Indiana Treasurer Daniel Elliot, who lobbied hard against inserting politics into state funds, chooses to invest state monies into Israel. (Whitney Downard/Indiana Capital Chronicle)
Indiana State Treasurer Daniel Elliott, who championed removing personal ideologies from state investment strategies throughout the legislative session, announced on Wednesday a significant purchase of Israel funds to support the U.S. ally.
“Israel is our most important ally in the world. This investment reflects the confidence that I have in the Israeli people and the Israel economy,” said Elliott in a release. “… October 7th remains one of the darkest days in the history of the word. Yet, I remain confident that Israel will prevail over the forces of evil. This bond purchase reflects the confidence we have in Israel’s victory and the strength of their marketplace.”
The release said it was the largest known purchase of Israel bonds since the country retaliated against a deadly Hamas attack and kidnappings. Hamas is considered a terrorist organization and doesn’t represent all Palestinian people
Indiana’s investment in Israel increased from $65 million to $100 million following Elliott’s move.
On Oct. 7, Hamas killed more than 1,400 and kidnapped 200 Israeli citizens. At least 8,000 Palestinians have died following attacks from Israel as the country cut off food, electricity and humanitarian aid to Gaza. A ground invasion is now commencing.
Elliott’s duties include overseeing the investment of $17 billion in state assets and managing state funds. He heavily lobbied on behalf of an ‘anti-ESG’ bill in the General Assembly, calling for funds to stop investing based on political priorities such as the environment or gun control.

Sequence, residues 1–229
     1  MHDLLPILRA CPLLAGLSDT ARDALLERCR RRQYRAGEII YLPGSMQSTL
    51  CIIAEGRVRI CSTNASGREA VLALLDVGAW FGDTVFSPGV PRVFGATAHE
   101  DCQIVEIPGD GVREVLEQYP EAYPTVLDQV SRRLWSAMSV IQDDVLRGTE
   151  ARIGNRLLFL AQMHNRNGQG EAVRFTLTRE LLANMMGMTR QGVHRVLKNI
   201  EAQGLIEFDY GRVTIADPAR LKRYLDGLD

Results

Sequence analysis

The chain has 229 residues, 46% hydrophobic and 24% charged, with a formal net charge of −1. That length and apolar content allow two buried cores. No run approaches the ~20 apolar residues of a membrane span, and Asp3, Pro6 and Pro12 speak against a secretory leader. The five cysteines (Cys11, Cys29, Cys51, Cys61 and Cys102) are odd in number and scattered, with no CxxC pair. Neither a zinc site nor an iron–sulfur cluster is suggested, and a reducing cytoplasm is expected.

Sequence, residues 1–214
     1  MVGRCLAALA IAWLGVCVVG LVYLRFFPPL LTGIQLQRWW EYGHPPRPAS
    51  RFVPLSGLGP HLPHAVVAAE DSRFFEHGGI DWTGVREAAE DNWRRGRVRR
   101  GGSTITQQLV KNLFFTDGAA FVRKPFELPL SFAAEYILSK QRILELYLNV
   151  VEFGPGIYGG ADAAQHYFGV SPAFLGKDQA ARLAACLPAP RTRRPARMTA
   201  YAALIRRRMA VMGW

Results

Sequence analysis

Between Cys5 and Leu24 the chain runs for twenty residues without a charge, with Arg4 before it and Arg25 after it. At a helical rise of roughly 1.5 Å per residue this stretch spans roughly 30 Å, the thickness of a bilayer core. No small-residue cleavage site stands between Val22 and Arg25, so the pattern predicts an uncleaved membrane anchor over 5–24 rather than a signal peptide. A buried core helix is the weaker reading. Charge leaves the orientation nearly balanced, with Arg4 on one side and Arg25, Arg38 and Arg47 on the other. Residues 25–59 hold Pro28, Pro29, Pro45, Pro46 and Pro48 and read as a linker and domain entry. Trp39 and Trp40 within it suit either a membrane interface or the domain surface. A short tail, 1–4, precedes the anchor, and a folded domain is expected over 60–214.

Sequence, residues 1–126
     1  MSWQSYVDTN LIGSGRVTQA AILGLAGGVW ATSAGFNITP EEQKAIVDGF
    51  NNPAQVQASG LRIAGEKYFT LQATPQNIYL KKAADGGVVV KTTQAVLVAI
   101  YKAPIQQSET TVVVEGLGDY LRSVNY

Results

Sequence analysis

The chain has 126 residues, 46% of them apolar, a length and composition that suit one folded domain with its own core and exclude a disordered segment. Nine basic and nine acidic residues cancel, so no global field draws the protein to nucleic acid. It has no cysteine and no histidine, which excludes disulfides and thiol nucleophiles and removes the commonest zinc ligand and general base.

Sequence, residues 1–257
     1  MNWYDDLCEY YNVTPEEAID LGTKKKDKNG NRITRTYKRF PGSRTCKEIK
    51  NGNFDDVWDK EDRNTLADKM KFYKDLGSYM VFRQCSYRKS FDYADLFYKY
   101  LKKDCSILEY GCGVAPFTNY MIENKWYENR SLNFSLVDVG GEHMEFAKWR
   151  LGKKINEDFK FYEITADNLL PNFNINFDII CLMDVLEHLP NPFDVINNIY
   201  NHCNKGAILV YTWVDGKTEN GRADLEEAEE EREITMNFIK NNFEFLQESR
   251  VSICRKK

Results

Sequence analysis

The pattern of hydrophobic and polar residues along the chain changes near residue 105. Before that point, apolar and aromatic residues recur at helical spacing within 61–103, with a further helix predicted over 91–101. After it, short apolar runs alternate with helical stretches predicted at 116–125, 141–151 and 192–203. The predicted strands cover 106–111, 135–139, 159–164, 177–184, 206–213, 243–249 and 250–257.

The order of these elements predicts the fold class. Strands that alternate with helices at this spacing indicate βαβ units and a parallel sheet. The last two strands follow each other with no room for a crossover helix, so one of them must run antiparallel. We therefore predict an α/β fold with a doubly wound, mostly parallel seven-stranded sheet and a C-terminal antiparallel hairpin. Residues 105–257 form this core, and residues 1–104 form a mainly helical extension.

Instead, he and lawmakers emphasized the need to prioritize only return on investment — something he said in his statement Israel would provide.
“Israeli bonds have provided high rates of returns for investors, even outperforming their American counterparts. Historical data… suggests that this is a great opportunity for Hoosier taxpayers,” Elliott said.
An office spokesperson said the decision to invest came after a presentation to Elliott and his team where they learned about “an opportunity to purchase bonds at a 28 basis points higher than US Treasuries, which are the baseline that most tend to use as comparison.”
The bonds were purchased as they became available.
“We look at risk versus stability, and often portfolio managers use America as a baseline measurement. Our team believes that the risk long-term on these investment is less than the return and that this purchase will be a good investment for Hoosiers,” the office continued.
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